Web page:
Best Of :: Arts & Entertainment
Every coffee snob has his favorite barista; it's sort of like rooting for your hometown football team. But how do you determine who's actually the best of the best? The answer was the first-ever Mountain Regional Barista Competition, held in March in Thornton — though the results were a letdown for latte-loving locals, since they can't actually enjoy the efforts of several of the top contenders, who were either based in other states or didn't serve drinks to the public. It was sort of like a fantasy football team winning the Super Bowl. Thankfully, you can partake of one champion's work at a local coffee shop: third-place winner Heidi Bickelhaudt of Trident Booksellers and Cafe in Boulder. Bickelhaudt, who learned the ropes in such coffee hot spots as Chicago and Madison, Wisconsin, pulls a mean espresso and knows the secrets of roasting, too. Next time you get a cappuccino from her, you can tell your jealous friends you just had the best coffee drink around, and you won't be talking java jive.
What's much more fun than watching American Idol every week? Trying to become the British Bulldog's Rock Idol. Competitors had to choose songs from such categories as "'90s" and "female vocalists." With the Bulldog's buy-one-get-one-free drafts and well drinks, there were plenty of people in the audience for the would-be Rock Idols to entertain, and in this competition, singing was second place to entertaining. Will Rock Idol return for a second season? Let's hope the folks at the British Bulldog are up for another round.
Gene Gillette held the stage with complete authority in The Lieutenant of Inishmore, a crazed, cathartic bloodbath of a play dominated by scenes of torture, murder and dismemberment. As the psychotic Padraic, unhinged by the death of his cat, he was dopey, sentimental and terrifying, and you believed he was capable of every violent act attributed to him — and a good deal more.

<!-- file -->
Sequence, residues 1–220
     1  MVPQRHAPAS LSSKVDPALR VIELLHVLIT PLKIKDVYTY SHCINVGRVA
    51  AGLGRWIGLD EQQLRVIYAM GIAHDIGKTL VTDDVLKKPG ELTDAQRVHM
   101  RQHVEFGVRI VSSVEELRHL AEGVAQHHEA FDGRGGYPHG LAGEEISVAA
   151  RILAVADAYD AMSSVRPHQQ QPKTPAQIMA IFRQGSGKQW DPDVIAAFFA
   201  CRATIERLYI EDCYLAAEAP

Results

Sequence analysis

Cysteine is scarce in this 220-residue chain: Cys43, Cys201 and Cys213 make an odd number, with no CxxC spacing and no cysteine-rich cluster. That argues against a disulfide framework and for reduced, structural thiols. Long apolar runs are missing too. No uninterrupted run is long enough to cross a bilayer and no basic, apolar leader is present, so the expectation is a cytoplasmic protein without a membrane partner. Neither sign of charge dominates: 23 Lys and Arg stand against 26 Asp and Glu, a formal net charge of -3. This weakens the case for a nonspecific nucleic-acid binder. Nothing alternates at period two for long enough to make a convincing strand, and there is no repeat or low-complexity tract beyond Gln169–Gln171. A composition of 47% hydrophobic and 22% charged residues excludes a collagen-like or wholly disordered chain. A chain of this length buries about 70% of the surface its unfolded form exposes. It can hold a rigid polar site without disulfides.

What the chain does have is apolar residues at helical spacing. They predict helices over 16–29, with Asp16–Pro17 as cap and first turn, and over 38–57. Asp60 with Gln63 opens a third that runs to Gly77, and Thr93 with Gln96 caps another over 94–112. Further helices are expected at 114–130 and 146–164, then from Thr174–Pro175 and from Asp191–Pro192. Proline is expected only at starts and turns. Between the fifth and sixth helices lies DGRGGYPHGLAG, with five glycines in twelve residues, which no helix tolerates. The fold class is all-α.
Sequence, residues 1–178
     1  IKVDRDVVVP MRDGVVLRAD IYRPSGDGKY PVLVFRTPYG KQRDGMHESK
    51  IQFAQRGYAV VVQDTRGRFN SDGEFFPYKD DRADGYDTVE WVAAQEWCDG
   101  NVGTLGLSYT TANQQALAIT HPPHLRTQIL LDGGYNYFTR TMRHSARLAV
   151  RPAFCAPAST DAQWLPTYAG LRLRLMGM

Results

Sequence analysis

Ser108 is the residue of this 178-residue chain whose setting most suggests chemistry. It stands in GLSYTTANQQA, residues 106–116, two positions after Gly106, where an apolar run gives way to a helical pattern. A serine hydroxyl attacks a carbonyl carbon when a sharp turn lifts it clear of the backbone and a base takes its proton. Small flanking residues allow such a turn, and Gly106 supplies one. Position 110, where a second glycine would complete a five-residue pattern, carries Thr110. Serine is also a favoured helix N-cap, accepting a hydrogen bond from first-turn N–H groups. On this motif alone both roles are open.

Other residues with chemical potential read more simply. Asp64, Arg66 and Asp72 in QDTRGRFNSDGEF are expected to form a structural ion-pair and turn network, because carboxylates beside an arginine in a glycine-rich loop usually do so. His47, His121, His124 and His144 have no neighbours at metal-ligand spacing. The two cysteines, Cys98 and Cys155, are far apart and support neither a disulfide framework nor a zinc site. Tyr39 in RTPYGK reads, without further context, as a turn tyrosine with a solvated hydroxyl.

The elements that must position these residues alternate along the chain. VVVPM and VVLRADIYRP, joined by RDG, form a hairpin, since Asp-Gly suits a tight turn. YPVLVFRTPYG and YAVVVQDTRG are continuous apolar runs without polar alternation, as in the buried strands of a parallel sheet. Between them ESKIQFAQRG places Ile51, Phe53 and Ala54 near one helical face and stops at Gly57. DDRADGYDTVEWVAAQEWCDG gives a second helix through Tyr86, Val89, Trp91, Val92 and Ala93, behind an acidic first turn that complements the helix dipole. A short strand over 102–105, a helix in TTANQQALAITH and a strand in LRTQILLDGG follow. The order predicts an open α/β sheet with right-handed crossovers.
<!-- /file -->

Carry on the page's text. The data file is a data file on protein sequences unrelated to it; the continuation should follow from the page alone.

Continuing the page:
Everyone's bigger than life in Tennessee Williams's melodrama about familial battles in the hot, lurid South, and everyone talks nonstop, but Brick is required to say very little for a long, long time. Chris Reid made the character complex and multi-dimensional, so that his extended silences pulsed with feeling and thought — and when he exploded, everything around him went white, like the landscape during a lightning flash. His Brick was cruel and cowardly, passionate, tormented and subtle, with a quietly twisted sense of humor. A deeply felt and resonant performance.
In Soul Survivor, Vincent C. Robinson clearly had a great time portraying the Devil as he attempted to win the soul of a quiet, rational man already quite happy with his life. He swaggered, teased and seduced the audience, uttered tee-hees of laughter that were both sinister and self-mocking, mugged, grimaced and, at one point, broke into an outrageous triumphal dance — and the audience enjoyed every moment just as much as he did.
Seymour is a nerdy soul who's faced with a Faustian bargain when he finds and tends a man-eating plant that offers him money, prestige and the love of Seymour's beautiful co-worker, Audrey — but only if Seymour keeps feeding it flesh. It's a ridiculous premise that fuels a goofy show, but Brandon Dill, an expressive actor with a strong voice, actually made you feel for the guy.